Quite a few of Pixar’s movies featuring people (not toys, cars, or emotions) deal with the concept of death. Up thinks about how to move on from the death of a loved one and still find adventure. Coco sings us through preserving the memories of a loved one and their lasting reputation. Now, Soul mixes depression, creativity, and death to ring us out of an awful year.
Joe Gardner (Jamie Foxx) doesn’t want to give up on his dreams. But his job at a school is uninspiring and his mother thinks he should take the “practical” path. Just when he’s about to get a chance to achieve one of his dreams, he falls down a manhole and dies. BIG 2020 energy.
After escaping the Great Beyond, Joe ends up in the Great Before. It’s a place where souls are made and learn different skills and personality bits before their journey to Earth. When they’re done, they get a nice shiny badge and a skydiving trip to our green and blue home planet. Joe hatches a plot with apathetic pre-soul Number 22 (Tina Fey), who has been avoiding her own trip. After some literal soul searching, the pair find a way to get Joe to Earth; but they take the leap and land in more trouble. In a classic comedic switcheroo, Joe’s soul ends up in a cat, and Number 22 ends up in Joe.
Foxx and Fey are both excellent comedians with great chemistry together. Foxx is perfect as a man who is this close to his dreams, perhaps to the point where he can’t see the forest for the trees. And Tina Fey has long played snarky characters who are a bit bored of their surroundings. But I had to pause when the switch happens in the movie.
It has taken a long time to get a Pixar feature with primarily Black talent, including the lead character/actor, writer/director (Kemp Powers), and music consultants (Jon Batiste, Questlove, and Daveed Diggs) as well as Black women onscreen. Black viewers were frustrated with the amount of time Black characters like Tiana (in Princess and the Frog) and Lance Sterling (in Spies in Disguise) spend as humans in their respective movies. Writer and co-director Brian Kemp became aware of this concern during production and hoped that viewers would be satisfied with the amount of human Joe we see; but when Tina Fey voices the Black protagonist, I have to give the movie a bit of a side-eye.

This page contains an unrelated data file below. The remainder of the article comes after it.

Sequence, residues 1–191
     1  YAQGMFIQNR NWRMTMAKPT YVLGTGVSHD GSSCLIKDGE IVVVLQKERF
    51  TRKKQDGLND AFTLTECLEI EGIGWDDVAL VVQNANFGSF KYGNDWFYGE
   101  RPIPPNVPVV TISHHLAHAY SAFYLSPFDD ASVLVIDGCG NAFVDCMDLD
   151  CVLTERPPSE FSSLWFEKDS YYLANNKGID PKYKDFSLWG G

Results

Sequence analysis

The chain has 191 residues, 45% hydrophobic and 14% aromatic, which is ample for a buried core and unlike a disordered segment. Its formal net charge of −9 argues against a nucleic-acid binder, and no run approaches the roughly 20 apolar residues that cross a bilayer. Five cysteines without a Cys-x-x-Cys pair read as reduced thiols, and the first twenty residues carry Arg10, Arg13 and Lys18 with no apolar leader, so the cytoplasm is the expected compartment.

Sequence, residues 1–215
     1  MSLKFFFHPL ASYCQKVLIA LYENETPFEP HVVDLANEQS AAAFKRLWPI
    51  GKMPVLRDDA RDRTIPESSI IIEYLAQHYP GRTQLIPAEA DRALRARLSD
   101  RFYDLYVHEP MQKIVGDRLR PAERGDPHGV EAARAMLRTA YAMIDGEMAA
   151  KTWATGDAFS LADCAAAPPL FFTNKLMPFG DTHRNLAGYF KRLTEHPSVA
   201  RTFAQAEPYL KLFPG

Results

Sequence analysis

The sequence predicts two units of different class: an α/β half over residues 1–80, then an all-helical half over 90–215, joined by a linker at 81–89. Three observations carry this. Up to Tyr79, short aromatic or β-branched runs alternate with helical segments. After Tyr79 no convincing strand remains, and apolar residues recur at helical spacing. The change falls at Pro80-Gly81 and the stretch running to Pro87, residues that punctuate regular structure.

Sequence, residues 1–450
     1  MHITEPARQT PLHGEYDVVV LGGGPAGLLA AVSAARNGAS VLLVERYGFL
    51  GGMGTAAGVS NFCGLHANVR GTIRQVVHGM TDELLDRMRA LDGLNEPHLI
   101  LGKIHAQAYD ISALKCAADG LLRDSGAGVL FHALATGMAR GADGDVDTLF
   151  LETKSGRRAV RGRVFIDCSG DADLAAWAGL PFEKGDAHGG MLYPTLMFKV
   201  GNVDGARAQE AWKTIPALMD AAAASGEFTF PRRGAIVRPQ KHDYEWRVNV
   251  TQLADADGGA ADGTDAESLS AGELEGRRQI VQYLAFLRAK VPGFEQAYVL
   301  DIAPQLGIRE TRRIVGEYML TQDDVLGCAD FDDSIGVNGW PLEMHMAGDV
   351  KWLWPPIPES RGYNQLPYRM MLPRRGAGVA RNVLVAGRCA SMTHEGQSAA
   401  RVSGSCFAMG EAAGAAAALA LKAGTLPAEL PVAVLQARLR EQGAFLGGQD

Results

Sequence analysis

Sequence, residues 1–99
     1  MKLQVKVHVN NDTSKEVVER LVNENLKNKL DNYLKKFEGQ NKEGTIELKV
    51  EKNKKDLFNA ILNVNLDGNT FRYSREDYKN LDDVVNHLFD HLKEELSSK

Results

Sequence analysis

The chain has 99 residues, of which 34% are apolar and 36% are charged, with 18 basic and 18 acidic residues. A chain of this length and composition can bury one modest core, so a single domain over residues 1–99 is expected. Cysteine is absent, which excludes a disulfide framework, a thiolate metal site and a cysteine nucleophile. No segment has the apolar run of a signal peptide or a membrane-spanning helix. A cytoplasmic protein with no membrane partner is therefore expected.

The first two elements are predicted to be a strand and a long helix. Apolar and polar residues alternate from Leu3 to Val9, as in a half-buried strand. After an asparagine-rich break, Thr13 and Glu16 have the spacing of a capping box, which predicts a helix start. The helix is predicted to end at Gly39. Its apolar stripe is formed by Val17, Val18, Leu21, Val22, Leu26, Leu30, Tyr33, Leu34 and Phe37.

Overall, the movie is fantastic with great moments of conflict, comedic relief from Number 22’s human body experiences, and the cute cat Joe. But I think the switching concept would have been less cringe if a Black actress voiced Number 22. Animation featuring Black characters has not reached a place where a decision like this doesn’t taint the movie a bit.
But as mentioned earlier, Soul is a beautiful and heartwarming film for viewers who’ve been inside for over nine months and can relate to Number 22 being enthralled by the simple joys of pizza and fall weather. Its discussions of life’s true purpose come at a perfect time for people who have been struggling with their careers and future.
And Number 22’s spiral into a depressed soul monster embodies many of our experiences of dealing with 2020. We’re all a bit like lost souls who are floundering in eternity. But it’s important to be like Joe: reach out, help pull others up, and remind each other of our sparks. They may not be what you think.